Rise of the Aeternum
the old gods die
Origin When 6034 AC rolled around, the Seven Kingdoms were in an already weakened state. The old allegiances were fading under the pressure of greed. Belief in the Old Faith, too, was dying. Wherever life was easiest, such as in the lowland kingdoms, the signs of corruption and indolence were the most prevalent. While this sad situation left them ripe for the conquest to come, it did not trigger the attack. While no one would learn of it until over a hundred years later, the secret of the Immortal Emperor, the so-called Newborn God...was dark magic, plain and simple. It began when a young cobbler named Arden Duskglass happened upon a Skygate. He was't a particularly bad man...he only hit his wife when she gave him lip. The children were fine if they stayed out of his way. He was always friendly to his neighbors. But when he approached the Skygate, attempting to take shelter from the heavy storm, a most wonderful (some would say terrible) thing happened. The Skygate began to glow. Shortly after that, in the midst of his confusion, he realized he was surrounded by Mistwalkers. They floated in the dark, black sheets like hanged men that sighed in the wind. Knowing his chances, Arden quickly spat out his prayers and prepared himself for the worst. But the Mistwalkers didn't move. Arden turned to the still-glowing Skygate...on the other side he saw a vision of the future. He saw himself, standing tall with a Crown on his head, a flaming sword in his hand. "I claim the heavens," the figure cried, "I am the last son of the gods." Overcome with shock and giddy with power, Arden realized he could control the Mistwalkers. It all became crystal clear to him after that. Campaign At first, every battle had to happen at night. Mistwalkers would pour over the local villages and towns, slaying indiscriminately at a chilling, steady pace. Once the survivors were gathered together, shaking and crying, Arden would approach them and offer them their lives in exchange for their allegiance. Other towns sent their menfolk to join him rather than suffer an attack by the Mistwalkers, who preyed on hope as much as they did on the living. In this way he built an army of both living and dead. This enabled him to strike with his soldiers during the day and then send the Mistwalkers at night. This was especially necessary, since he found his influence over the Mistwalkers fading with every step he took away from the Skygate, and knew he would have to rely almost totally on his flesh and blood army before he reached the Capital. It was only when he reached the larger cities with their Mages, forewarned and forearmed, that things became a little more difficult. Fire scorched the fields day and night as the Mages tossed magic at the Mistwalkers, forming impenetrable barriers of light that wouldn't allow even a shadow to slip through. Quickly, before reinforcements from other cities could join the valiant effort and halt him permanently, Arden sought the assistance of alchemists, scattered specialists who were more interested in his undead army than his political goals. In return for his promised patronage, they created special bundles of infectious material that he could catapult behind enemy lines. He aimed for the supply stations, and the living quarters inside the castle. Soon enough, the food supply was infested and the opposing armies were ravaged by sickness and disease. It didn't take long to break their resistance. Arden personally had the Mages torn limb from limb before sending the pieces to the various remaining kingdoms as presents. Eventually, his control over the Mistwalkers faded. But by that time he had an army greater than any three kingdoms combined. He made his vicious way towards the Capital, having killed ever King he found, leaving the land in upheaval and confusion. Until the day came when he personally drove his sword through the High King's mouth and out the back of his neck. Leaving the sword with disdain, he tipped the body off and took its place on the throne.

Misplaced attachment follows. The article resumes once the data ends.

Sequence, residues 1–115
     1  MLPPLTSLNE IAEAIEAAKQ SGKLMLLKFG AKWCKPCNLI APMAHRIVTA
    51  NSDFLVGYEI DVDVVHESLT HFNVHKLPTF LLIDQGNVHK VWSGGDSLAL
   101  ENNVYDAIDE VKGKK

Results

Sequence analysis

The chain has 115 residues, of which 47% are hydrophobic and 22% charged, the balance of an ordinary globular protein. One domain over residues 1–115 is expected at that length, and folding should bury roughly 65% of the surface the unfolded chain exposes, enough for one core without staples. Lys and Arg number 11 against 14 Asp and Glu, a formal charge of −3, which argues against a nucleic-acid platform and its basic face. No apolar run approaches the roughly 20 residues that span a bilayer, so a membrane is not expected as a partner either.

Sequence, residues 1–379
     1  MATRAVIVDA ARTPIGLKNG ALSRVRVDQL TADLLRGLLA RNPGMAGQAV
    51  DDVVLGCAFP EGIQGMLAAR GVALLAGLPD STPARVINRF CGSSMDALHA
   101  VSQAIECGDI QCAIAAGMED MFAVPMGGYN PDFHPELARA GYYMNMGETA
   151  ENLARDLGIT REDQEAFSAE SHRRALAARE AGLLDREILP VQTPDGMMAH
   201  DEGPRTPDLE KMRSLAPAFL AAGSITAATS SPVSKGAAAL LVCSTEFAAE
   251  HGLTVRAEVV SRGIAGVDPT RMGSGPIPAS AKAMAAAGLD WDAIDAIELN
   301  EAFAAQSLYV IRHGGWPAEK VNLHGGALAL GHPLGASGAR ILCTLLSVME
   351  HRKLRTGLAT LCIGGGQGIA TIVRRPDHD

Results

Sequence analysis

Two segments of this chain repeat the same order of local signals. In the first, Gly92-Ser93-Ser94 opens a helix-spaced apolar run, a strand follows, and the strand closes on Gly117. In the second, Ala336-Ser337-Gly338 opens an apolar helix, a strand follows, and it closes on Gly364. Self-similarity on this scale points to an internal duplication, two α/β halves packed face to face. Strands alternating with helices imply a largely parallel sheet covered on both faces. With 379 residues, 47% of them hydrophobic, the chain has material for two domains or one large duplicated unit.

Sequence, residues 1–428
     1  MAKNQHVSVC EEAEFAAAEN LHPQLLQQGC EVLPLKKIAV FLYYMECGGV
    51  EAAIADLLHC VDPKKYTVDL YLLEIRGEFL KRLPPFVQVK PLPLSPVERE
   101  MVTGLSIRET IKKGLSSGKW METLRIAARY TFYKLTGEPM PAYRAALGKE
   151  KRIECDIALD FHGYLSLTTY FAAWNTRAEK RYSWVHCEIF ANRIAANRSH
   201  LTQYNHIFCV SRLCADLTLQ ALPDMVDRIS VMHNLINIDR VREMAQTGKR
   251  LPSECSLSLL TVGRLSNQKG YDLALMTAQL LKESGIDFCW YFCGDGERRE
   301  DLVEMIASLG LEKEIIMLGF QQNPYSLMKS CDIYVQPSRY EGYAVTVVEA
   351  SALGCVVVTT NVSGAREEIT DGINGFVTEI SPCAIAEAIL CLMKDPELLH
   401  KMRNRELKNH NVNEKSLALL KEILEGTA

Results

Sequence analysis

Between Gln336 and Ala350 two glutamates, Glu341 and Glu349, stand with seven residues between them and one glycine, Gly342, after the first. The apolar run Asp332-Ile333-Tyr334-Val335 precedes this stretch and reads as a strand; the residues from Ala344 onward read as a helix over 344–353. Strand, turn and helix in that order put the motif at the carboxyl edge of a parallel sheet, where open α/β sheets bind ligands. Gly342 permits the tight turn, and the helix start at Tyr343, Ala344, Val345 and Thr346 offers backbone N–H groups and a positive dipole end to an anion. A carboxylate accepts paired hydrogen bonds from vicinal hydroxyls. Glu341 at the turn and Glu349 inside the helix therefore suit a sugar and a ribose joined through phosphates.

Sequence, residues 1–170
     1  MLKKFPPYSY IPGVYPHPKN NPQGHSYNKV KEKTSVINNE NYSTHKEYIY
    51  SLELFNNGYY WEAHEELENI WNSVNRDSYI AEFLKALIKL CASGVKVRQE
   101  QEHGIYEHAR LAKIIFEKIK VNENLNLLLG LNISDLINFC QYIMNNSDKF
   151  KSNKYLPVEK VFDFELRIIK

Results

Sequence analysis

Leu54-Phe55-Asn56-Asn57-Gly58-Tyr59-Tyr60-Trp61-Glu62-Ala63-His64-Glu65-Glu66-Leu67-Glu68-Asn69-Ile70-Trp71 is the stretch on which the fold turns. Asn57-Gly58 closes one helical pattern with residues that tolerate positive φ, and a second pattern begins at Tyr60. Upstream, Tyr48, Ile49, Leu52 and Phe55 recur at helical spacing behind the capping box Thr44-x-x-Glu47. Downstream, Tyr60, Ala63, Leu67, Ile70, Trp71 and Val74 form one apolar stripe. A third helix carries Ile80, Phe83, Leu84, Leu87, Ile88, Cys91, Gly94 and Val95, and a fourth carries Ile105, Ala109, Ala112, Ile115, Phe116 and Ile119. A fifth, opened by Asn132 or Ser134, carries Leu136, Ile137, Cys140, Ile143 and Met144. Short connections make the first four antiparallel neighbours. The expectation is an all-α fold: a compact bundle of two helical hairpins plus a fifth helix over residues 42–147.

"You see me on an earthly throne now." the Young God spoke. "Bear with me, for soon I will have a seat in the heavens." - The Ascent of our Divine Emperor, written by Martin Pembroke, 6059 ACLong-Term Effects After the conquest was finished and his power consolidated, the Aeternum has done anything but rest on his laurels. Authority in the Seven Kingdoms has been almost completely consolidated. His word is the be-all, end-all of the land, and the Barons are his instruments. His researchers can do anything they can conceive of, and no door can be closed to his Justiciars. Save for the brave souls in the Spines and the Drylands, it is only the people themselves who feel the death of freedom. They have become ants in a large mass of human cattle...less visible to their Emperor God then they were to their inept and infantile kings. Due to the extinction of the Old Faith, they are invisible to their god as well. They have no faith, and nothing to tell them to fight against the tyrannical rule of the Aeternum. While he always said he would eventually ascend into heaven, the Emperor seems to be turning his attention to the oustide world first, preparing an armada like the world has never seen. War is on the horizon, and the thought of it is an oppressive force on the minds of the people. All they can really do in the meantime is try to live. But is it really living?